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Huzzah for Goblin adventurers! Lets get away from the tired old "once evil always evil" for monstrous races, or is social evolution only the right of certain races?


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Pathfinder Comics Subscriber

Am I alone in really liking this? I've loved playing Goblins for a while, and making them core really boosts my chances to!


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I suppose I can just exclude goblin PCs from my games and pretend this never happened. Let's just hope it doesn't pollute Golarion as well.


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Pathfinder Roleplaying Game Subscriber

I was hoping for another class reveal.

Still doesn't make sense to add goblins as core. Plus their movement is only 25 not 30.

Ancestry feats sound a little weak, hopefully they scale by level.


Pathfinder Companion, Roleplaying Game Subscriber
Tallow wrote:

Main thing that I found interesting:

Speed is 25 feet. This seems to be something that could be wonky to deal with in several movement rules (unless those are all getting a major overhaul to not entirely work with speed.) Like Acrobatics for jumping, you typically get a +4 to the check for every 10 feet of speed over 30.

Additionally, having an odd number like this makes it irritating to divide by 2. Sure, its easy enough to say 10 because 12.5 rounds down to 10. But anytime you had to quarter 30 to 7.5 because of swimming or climbing, and then figure out whether that meant you could move 10 feet on a double move or 5 feet on a single but 15 feet on a double was annoying.

So I hope that if you are assigning some ancestries and monsters odd numbered movement speeds, that the system of halving or quartering speeds accommodates an easy way to calculate without having to worry about fractions rounding up or down or if you get to carry the fraction into a second action for movement to get that extra 5 feet or whatever.

It works out prettier if you think of it as moving five squares. Now you can cross ten squares in two moves, nice and simple.

Grand Lodge

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Tallow wrote:
So I hope that if you are assigning some ancestries and monsters odd numbered movement speeds, that the system of halving or quartering speeds accommodates an easy way to calculate without having to worry about fractions rounding up or down or if you get to carry the fraction into a second action for movement to get that extra 5 feet or whatever.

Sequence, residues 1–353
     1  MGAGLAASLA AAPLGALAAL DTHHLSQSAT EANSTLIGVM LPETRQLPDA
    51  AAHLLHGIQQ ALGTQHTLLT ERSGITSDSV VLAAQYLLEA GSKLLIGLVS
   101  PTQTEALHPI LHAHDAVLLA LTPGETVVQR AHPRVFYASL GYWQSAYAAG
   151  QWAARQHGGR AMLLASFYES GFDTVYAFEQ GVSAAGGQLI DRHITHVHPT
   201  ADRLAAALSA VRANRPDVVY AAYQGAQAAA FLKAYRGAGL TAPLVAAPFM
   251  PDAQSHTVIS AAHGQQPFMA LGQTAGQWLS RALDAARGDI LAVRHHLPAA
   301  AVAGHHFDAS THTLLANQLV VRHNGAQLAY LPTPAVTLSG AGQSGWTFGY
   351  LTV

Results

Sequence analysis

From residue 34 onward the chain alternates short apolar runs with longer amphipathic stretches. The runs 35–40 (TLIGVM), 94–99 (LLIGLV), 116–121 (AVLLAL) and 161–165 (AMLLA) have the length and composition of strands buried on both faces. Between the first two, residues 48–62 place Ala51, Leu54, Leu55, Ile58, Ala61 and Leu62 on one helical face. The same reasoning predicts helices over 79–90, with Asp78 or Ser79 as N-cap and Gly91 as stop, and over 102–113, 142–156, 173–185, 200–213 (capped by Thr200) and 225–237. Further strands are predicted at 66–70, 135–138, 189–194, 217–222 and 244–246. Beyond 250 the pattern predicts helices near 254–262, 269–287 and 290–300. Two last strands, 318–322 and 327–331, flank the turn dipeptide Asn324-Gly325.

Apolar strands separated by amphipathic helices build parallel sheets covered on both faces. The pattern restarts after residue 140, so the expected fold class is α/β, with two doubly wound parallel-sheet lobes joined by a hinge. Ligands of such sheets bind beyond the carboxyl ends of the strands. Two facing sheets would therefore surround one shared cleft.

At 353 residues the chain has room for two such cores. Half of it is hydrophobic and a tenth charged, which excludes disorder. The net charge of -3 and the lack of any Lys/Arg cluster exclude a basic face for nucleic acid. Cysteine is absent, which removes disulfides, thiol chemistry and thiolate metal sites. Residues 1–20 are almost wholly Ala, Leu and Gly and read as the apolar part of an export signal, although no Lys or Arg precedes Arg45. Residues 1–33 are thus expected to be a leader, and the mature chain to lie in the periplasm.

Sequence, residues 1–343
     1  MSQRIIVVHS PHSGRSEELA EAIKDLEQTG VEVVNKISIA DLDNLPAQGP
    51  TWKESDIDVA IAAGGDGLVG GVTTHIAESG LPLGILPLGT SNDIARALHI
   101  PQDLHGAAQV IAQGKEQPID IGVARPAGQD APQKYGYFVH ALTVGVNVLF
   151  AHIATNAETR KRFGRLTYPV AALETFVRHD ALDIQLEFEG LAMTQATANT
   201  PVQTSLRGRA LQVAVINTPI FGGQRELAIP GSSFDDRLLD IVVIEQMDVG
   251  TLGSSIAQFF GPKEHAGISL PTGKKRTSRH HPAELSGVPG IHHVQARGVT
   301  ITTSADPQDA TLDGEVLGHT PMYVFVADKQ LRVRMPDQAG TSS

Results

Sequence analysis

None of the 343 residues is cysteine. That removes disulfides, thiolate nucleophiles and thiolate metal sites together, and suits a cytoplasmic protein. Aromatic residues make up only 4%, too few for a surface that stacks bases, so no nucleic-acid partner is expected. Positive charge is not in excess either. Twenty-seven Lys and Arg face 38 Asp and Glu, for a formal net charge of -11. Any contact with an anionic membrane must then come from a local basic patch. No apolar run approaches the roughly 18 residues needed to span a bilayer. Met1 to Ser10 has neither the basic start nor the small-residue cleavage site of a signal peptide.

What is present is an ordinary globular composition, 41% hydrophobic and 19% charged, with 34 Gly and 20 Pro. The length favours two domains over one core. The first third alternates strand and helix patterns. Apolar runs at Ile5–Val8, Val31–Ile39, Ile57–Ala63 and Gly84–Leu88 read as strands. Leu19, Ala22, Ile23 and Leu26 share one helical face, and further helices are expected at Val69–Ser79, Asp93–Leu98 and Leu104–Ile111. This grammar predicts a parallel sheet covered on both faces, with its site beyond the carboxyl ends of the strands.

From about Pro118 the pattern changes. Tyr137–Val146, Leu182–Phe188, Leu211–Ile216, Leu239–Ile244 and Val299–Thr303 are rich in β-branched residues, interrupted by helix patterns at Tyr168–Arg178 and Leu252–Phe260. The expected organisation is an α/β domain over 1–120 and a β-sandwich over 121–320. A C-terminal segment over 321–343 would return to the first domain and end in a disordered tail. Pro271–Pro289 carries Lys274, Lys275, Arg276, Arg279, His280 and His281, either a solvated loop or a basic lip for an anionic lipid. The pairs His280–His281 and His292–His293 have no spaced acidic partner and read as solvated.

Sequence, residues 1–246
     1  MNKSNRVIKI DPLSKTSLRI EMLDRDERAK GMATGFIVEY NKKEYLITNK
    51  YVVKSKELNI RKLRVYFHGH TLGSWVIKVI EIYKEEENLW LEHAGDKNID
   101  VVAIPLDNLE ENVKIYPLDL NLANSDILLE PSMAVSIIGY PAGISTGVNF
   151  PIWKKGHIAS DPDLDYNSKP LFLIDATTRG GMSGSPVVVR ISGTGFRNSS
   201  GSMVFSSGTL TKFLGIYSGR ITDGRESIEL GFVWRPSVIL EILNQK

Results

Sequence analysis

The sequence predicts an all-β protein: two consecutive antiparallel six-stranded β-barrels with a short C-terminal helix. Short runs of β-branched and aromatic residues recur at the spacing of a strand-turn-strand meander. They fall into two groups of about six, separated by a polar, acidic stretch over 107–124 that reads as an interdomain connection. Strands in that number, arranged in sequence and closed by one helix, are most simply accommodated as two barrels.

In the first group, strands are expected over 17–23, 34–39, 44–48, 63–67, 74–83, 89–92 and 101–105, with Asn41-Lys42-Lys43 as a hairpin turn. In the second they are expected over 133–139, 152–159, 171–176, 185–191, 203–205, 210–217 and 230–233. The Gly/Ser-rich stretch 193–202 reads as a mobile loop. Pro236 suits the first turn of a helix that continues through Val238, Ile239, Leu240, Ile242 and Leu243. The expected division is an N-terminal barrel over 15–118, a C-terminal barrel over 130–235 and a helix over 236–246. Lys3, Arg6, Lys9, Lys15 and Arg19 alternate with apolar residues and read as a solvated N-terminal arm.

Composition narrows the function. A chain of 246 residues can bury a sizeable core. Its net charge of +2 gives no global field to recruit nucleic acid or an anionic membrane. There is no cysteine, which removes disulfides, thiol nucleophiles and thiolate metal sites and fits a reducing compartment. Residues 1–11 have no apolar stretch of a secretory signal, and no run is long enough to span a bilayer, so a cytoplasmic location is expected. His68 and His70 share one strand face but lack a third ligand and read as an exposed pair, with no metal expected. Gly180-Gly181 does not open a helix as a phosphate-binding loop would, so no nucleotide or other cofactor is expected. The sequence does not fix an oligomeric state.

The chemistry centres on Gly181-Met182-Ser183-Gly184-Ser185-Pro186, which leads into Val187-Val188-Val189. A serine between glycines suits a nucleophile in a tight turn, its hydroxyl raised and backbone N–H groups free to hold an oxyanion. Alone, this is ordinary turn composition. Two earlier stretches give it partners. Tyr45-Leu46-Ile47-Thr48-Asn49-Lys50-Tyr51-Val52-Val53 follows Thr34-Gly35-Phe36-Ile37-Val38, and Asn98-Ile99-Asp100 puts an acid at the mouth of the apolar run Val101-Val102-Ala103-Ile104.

I would not be surprised if they were changing the 'half/quarter while Xing' to '10ft less while Xing' or similar.


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I know others are wondering this as I am, Why Charisma?

Would love to hear some of the thoughts/explanation why.

Also I didn't see this mentioned, are they still small sized? (are sizes still a thing?)

Is 30ft still standard speed as well?


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Hobgoblins would be a MUCH better choice for many reasons:

1. They are the flawless master race (second to Azlanti) that can take any class and do well in it.

2. They're alignment may be generally Lawful Evil but even still, a hobgoblin not trying to kill you is just as reasonable as any human or dwarf (cant say nothing about elves).

3. When a Hob walks into a bar or shop nobody is going to think that he will set it on fire just for fun (like a goblin or disgruntled elf would).

4. There has already been an Adventure that can end with a Hob Empire and there need to be very little modification to set up better relations with its neighbors (a standard non-violence agreement, and maybe a trade negotiations and your set).

5. Hobgoblins hate goblins just as much as everyone else, so they have far more in common with the standard races. :p


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willuwontu wrote:

I know others are wondering this as I am, Why Charisma?

Would love to hear some of the thoughts/explanation why.

Should it be intelligence instead? Should goblins be getting double physical bonuses, with the option for triple, so that they're the ultimate martial pick?

willuwontu wrote:
Is 30ft still standard speed as well?

Nope. Humans have 25 too, judging by the demo games.


Dragon78 wrote:

I was hoping for another class reveal.

Still doesn't make sense to add goblins as core. Plus their movement is only 25 not 30.

Hasn't been revealed that this is also the case for humans?

Liberty's Edge

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Awesome love it :)


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Will goblin PCs be able to read? I’m really hoping to make a goblin wizard!